We are honored to bring you this beautiful guest post this morning. It’s a look at the life of a child with Down syndrome through the eyes his a mother in observance of October as Down Syndrome Awareness Month.
“It would seem like you are going to have what we like to call a vanishing twin. One of your baby’s hearts is beating half as quickly as the other. This could be a sign that something is wrong. It is probably better if we let nature take its course and your body absorbs the twin.” These were the words of my doctor at our first ultrasound checking on the lives that God had miraculously placed inside of me. We began praying that God would strengthen this little heart that was struggling to survive. God answered that prayer and six months later, I gave birth to twin boys, Wyatt and Quinn. Deep down, I think I always knew. Our “vanishing twin” was different, special. But I in no way could have anticipated how wonderfully amazing our lives would be raising a child with Down syndrome.
Today, Wyatt is four and he has already taught me so much about life. How some of the greatest gifts come in different packaging. How some of the smallest accomplishments in other people’s eyes are some of our greatest reasons to celebrate. How everyone has a story, and what we see from the outside is not at all what it may be on the inside. Although we know that there are some legitimate ways in which Wyatt is “different,” I wish more people could see him the way that our family does. Wyatt is just Wyatt. He is one of the Rogers boys. He loves to carry utensils and his hair almost always sticks up in the back. He is learning how to jump on a trampoline and ride his trike. Like his brothers and most kids, he loves to laugh and play.
One of my greatest desires is that people would learn to see Wyatt for who he is instead of as a diagnosis. I know that having DS can cause a variety of different concerns, but ultimately every child is a unique individual, each having different strengths and weaknesses. It is always fun to meet others, when we are out and about, who just get it. They run up to tell their stories about the loved ones in their lives with DS and share their joy of knowing that special person.
I will be the first to admit that before having Wyatt, I knew very little about Down syndrome or other special abilities. I found myself feeling sad for those families who were given the challenge of raising these little ones. However, once we had Wyatt, our whole world has been opened in a very beautiful way. Being a part of the special needs community has given us opportunities to see the different abilities of those that we once saw as a diagnosis. Even those with Down syndrome do not share all the common stereotypes that society has placed on them. Cognitive delays range from mild to moderate. Some are extremely coordinated while other struggle physically. Some keep up with peers in school while others go at their own pace. So in our world, being different has become more of a compliment than something to be ashamed of. What is normal anyway?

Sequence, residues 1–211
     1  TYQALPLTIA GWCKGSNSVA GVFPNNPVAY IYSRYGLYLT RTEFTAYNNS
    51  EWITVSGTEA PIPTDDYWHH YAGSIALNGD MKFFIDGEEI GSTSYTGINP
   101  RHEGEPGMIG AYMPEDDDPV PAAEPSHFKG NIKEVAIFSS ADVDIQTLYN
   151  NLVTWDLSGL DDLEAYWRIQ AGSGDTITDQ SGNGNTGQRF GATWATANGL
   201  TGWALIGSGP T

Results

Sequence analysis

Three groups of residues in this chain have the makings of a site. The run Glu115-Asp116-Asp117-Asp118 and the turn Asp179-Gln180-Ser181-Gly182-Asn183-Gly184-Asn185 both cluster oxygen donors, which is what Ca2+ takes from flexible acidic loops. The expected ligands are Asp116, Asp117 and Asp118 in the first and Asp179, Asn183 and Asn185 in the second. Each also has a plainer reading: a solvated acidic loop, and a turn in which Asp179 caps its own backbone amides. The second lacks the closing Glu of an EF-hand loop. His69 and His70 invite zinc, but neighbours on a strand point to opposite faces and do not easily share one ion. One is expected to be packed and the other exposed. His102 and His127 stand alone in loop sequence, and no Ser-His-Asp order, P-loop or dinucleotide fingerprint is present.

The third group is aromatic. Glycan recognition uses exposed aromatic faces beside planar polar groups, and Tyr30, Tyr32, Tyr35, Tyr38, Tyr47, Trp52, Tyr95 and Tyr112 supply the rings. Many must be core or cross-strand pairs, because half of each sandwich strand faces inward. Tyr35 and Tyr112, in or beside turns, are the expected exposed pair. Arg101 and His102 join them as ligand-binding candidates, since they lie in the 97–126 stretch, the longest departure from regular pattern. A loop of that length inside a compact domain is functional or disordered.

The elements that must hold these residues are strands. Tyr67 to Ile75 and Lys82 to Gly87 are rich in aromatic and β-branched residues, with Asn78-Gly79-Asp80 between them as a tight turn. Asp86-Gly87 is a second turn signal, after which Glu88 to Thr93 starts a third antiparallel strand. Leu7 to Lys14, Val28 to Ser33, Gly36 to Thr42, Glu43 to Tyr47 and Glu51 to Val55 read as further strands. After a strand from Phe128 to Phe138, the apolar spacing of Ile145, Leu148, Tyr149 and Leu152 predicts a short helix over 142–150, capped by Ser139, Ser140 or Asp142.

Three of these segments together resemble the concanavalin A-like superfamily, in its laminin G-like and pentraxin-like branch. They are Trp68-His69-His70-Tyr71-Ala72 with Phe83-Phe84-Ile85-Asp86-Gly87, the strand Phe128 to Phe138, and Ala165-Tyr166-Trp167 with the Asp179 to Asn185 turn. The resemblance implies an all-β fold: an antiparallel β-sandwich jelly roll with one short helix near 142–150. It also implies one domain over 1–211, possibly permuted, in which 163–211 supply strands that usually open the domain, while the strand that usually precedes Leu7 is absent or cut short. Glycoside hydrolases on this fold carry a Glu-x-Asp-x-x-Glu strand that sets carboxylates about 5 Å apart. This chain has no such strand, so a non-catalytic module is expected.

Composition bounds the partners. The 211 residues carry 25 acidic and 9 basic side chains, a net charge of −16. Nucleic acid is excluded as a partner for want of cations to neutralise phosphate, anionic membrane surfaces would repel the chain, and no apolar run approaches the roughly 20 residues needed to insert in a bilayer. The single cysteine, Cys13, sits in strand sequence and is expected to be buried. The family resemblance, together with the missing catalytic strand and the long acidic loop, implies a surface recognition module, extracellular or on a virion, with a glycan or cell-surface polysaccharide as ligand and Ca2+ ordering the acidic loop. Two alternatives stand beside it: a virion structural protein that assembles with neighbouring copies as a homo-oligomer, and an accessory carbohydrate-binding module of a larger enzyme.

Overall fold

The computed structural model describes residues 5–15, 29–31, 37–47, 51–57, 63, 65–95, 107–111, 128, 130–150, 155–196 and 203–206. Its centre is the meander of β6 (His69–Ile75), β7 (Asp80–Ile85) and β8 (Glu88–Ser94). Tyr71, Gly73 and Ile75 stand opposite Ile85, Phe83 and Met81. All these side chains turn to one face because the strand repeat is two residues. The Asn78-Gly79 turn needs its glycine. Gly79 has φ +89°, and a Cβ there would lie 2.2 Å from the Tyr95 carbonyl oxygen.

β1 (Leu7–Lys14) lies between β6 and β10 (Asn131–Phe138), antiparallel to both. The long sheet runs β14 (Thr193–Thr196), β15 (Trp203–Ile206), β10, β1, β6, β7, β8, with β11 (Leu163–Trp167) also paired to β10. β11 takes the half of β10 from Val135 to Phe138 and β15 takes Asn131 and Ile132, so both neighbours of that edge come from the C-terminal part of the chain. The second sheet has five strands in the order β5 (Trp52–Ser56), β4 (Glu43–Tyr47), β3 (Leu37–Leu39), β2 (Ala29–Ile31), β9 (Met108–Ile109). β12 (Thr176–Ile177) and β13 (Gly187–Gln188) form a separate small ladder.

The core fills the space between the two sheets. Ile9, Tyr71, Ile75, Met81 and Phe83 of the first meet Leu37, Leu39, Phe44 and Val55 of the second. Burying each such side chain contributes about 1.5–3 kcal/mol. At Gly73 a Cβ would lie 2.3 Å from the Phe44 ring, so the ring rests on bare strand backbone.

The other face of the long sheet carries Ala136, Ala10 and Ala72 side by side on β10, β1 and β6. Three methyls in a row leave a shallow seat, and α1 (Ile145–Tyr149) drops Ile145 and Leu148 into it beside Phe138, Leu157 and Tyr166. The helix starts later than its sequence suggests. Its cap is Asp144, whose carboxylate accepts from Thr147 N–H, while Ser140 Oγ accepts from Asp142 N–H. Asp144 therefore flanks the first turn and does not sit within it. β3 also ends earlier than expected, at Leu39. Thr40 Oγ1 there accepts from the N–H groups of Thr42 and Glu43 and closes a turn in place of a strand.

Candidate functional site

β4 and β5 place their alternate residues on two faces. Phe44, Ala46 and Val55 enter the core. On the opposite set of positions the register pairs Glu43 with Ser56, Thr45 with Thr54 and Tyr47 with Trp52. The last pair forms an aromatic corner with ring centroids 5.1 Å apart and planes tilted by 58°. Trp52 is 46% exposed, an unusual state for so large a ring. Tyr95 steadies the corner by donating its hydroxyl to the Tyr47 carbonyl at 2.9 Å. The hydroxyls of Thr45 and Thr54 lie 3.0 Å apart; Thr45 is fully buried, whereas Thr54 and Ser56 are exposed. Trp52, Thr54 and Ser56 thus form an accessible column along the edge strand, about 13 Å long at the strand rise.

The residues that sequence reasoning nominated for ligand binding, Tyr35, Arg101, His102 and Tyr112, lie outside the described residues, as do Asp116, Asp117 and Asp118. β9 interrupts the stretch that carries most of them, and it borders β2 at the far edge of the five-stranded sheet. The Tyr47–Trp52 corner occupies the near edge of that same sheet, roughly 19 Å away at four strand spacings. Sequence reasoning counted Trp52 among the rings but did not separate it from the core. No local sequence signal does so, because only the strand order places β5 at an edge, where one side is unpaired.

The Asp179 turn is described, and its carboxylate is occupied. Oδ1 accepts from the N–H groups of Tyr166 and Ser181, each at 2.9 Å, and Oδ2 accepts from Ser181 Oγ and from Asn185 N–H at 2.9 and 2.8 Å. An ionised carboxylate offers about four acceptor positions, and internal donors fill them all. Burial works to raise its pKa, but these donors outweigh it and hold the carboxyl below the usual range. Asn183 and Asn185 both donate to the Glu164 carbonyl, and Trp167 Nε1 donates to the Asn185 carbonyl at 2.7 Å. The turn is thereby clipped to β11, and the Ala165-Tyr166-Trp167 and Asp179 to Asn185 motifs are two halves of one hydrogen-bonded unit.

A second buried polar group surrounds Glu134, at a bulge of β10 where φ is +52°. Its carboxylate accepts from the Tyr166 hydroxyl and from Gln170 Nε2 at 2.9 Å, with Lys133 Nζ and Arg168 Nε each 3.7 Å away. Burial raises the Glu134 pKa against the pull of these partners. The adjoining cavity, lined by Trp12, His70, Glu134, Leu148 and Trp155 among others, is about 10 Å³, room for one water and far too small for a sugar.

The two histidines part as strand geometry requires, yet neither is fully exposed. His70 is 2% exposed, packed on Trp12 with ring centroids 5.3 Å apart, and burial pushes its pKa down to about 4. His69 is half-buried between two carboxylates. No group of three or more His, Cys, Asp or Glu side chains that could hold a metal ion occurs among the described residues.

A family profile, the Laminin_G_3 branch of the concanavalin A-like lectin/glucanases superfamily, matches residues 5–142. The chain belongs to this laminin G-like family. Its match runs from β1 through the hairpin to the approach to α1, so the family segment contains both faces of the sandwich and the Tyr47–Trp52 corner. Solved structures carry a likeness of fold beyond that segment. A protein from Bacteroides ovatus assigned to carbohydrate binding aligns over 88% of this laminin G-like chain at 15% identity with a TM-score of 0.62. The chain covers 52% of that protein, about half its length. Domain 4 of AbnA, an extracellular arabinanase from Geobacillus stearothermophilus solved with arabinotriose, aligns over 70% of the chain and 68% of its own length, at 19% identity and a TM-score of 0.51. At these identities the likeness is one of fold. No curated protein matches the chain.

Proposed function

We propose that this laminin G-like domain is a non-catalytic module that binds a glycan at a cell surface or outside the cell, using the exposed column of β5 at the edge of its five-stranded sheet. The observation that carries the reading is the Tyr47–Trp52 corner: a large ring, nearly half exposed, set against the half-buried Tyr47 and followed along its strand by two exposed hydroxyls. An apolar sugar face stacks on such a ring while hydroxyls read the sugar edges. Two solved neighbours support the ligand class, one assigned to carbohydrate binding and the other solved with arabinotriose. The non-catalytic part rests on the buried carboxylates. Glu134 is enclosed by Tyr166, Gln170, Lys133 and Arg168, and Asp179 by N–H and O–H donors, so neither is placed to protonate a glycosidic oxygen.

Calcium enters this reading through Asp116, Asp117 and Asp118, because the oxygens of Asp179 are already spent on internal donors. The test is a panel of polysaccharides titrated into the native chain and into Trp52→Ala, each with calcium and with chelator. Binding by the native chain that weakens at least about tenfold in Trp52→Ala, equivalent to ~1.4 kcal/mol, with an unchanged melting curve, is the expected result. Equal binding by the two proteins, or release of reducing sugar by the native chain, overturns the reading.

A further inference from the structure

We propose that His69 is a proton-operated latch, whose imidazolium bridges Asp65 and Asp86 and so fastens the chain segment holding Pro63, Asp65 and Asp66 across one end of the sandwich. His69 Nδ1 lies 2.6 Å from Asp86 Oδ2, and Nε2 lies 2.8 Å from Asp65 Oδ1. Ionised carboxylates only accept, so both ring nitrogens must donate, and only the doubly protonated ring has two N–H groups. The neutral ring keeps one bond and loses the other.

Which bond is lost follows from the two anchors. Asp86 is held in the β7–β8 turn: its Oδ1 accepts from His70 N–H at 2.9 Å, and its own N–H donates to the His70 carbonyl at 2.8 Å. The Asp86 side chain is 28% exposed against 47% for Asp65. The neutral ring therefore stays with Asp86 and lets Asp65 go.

All of this to say that Wyatt has had his fair share of challenges in his short little life. Two and a half months of life in the NICU complete with heart surgery unrelated to his DS was a hard start.We almost lost him on two different occasions and we were brought back to our knees begging and pleading with God to spare his life. God did and while he still has several therapies a week, he no longer takes any of the medication or sees any of the specialists he started his life with. I remember shortly after Wyatt was born I would come home from the hospital and a wave of fear would grip my heart. Fear of the unknown. Fear of what our future would hold. Wondering if Wyatt would be happy. And wondering how all of this would affect his brothers. But the moment I would go back to the hospital and hold my baby, all fear was gone. I instantly knew that everything was going to be okay and joy replaced the doubt.
Today, our lives are so full. My husband summed it up so very well when he said, “Sometimes I do not know exactly what Wyatt understands, but when you look in to his eyes and he looks in to yours there is a meeting of souls that cannot be described. You know at that moment he understands the most important thing and that is love.” Wyatt has and continues to fulfill our dreams as parents. He has already changed our lives and we believe God will continue to use him in the lives of others.
So whether it is a heart that takes longer to beat at a healthy rate, a delay in walking, a delay in talking or everything wrapped up in a package that you weren‘t expecting, life is not better without it. It is not a sign that something is wrong. It is just different, and when you are blessed to have it as part of your life, you wouldn’t have it any other way.
Carie Rogers lives here in the Valley and is married to her best friend, Josh. They have been blessed with 3 boys, Wesley, Wyatt and Quinn. Carie is passionate about DS awareness and adoption. If you would like more information about DS and support in Arizona, Carie recommends http://www.sharingds.org/ and http://www.dsnetworkaz.org/